Beginning today, nearly all of Nebraska’s social distancing restrictions will end as Gov. Pete Ricketts moves the state into the fourth phase of its reopening plan.

Under Phase IV, indoor gatherings are limited to 75% capacity and gatherings of 500 people or more will need approval from local public health directors. But all other state-imposed mandates are dropped in favor of voluntary guidelines for masks and social distancing.

State officials indicated they made the decision based on the availability of hospital beds and ventilators. 

The state’s assisted living communities and nursing homes, however, continue to follow federal guidelines such as those from the Centers for Medicare & Medicaid Services. 

Although the state’s movement to Phase IV does not apply directly to senior living and care communities, LeadingAge Nebraska President and CEO Jenifer Acierno said the change may affect positivity rates in areas where facilities are located and where staff members who care for older adults live.

“LeadingAge Nebraska encourages continued vigilance and social responsibility, in particular for those who provide services and care for seniors,” Acierno told McKnight’s Senior Living

Cindy Kadavy, senior vice president of policy, research and reimbursement for the Nebraska Assisted Living Association, said it’s important to note that although the requirements change today, the recommended safety precautions and guidance remain in place.

“The Nebraska Assisted Living Association appreciates the importance Gov. Rickets, the Nebraska Department of Health and Human Services, and other Nebraska leaders and medical experts have placed on wearing masks, handwashing, social distancing, testing and other preventative actions in the fight against COVID-19,” Kadavy told McKnight’s Senior Living. “Since one of the most significant factors contributing to a positive case in a long-term care facility is an increase in the COVID-positive rate in the surrounding community, NALA and our members urge Nebraskans to use common sense and good judgment and continue to follow the recommended safety precautions and guidance to keep COVID-19 out of our communities and out of our facilities.”

Under the state’s long-term care phasing guidance for assisted living communities and nursing homes, facilities are permitted to enter phases of reopening based on local community criteria. NDHHS created a three-phased reopening approach for facilities, advising them to monitor county/local community trends to determine whether movement through phases is appropriate for each building.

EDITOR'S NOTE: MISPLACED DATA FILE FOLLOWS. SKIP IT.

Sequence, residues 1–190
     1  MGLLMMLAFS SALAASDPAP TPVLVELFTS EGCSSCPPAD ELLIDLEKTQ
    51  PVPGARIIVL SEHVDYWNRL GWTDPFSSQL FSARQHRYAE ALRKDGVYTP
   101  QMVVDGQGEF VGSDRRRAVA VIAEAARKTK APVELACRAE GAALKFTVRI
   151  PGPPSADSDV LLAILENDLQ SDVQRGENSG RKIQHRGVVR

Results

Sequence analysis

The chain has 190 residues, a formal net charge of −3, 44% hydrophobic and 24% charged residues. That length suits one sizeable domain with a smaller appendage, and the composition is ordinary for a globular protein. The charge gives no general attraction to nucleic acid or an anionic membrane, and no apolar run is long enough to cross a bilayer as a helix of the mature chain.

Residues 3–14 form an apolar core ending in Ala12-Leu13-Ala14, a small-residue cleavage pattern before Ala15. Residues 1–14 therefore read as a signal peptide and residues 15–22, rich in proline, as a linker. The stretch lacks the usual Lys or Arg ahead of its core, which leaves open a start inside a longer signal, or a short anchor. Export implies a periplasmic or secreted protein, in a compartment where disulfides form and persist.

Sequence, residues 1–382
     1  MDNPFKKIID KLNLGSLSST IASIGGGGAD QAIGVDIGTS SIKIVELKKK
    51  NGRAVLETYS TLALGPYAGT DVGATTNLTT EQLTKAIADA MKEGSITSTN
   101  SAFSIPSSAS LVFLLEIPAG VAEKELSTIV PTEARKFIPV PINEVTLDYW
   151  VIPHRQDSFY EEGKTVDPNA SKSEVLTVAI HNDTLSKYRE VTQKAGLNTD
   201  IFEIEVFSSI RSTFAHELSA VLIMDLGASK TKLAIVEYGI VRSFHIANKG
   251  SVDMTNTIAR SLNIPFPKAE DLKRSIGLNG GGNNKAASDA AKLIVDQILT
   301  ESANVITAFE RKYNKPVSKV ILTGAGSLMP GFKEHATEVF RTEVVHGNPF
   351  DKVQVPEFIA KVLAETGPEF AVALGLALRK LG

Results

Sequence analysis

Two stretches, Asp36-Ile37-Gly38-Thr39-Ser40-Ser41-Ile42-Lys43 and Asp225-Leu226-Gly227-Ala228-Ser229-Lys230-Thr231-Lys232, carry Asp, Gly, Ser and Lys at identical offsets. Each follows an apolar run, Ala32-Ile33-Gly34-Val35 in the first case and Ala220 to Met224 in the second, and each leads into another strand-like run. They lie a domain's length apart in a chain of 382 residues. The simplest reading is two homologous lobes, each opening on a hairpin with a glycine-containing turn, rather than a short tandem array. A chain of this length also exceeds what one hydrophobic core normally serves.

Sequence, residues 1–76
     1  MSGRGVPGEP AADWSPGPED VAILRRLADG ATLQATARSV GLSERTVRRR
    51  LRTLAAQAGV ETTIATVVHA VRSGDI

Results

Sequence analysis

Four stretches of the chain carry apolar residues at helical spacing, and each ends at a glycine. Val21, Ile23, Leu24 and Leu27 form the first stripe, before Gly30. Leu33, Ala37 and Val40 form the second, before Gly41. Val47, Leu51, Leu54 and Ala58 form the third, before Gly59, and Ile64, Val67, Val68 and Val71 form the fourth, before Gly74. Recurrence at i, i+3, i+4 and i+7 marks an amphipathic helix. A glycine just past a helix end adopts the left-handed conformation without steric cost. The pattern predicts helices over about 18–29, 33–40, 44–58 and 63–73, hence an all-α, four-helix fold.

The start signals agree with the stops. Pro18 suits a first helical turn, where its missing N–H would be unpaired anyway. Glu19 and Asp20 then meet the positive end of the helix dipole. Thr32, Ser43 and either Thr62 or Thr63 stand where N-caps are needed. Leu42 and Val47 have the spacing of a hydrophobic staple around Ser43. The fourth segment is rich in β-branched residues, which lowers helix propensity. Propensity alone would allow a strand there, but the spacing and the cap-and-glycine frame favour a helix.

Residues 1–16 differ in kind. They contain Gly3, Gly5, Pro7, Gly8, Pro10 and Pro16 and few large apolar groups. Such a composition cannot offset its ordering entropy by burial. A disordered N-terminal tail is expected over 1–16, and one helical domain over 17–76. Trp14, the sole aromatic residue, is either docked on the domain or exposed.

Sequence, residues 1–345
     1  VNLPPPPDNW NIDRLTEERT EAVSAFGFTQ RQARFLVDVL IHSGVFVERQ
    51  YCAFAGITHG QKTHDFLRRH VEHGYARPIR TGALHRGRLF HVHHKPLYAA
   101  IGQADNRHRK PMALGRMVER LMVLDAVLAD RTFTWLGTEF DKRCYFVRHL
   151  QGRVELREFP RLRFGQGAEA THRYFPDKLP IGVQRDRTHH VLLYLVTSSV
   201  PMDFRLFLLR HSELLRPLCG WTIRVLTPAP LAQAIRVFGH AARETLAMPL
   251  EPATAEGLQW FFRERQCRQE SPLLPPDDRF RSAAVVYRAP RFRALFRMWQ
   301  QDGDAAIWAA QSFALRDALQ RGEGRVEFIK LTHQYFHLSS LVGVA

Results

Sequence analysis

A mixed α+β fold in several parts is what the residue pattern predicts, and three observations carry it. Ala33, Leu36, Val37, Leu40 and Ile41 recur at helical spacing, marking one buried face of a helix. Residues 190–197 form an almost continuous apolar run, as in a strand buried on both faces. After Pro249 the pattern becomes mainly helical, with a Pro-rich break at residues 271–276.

Under the long-term care phasing guidance, Phase I prohibits visitation except for compassionate care and limited conditions. Communal dining and group activities are restricted, and staff members and residents are screened daily. 

A facility can initiate Phase II if it has adequate staffing levels and supplies of personal protective equipment, the ability to cohort, and no active COVID-19 cases. Phase III can be initiated once baseline testing for staff members is completed. Baseline testing for residents is recommended but not required. In both phases, visitation is still limited but allowed.

“We join the governor in urging Nebraskans and all individuals to do the right thing,” Kadavy said.

In other coronavirus-related news:

  • A new video from the American Health Care Association / National Center for Assisted Living celebrates the many residents who have recovered from COVID-19 in assisted living communities and skilled nursing facilities and celebrates the hard work and dedication of caregivers who have been by their side since day one. The video is a reminder that positive cases do not necessarily end in tragedy, AHCA / NCAL said.
  • The South Carolina Department of Health and Environmental Control is working to provide criteria for limited indoor visitation in assisted living communities and nursing homes by Oct. 1. Visitation guidelines for the settings were loosened on Sept. 1, allowing limited outdoor visitation. 
  • Long-term care facilities in Oklahoma now have more flexibility to reinstate in-person visitation after updated guidelines were released last week by the Oklahoma Department of Health. The revised guidelines provide a phased approach to opening for nursing homes, with assisted living communities and other congregate settings given the option of having their infection preventionist follow an independently developed framework for easing restrictions using the state plan as a guide along with Centers for Disease Control and Prevention COVID-19 mitigation strategies.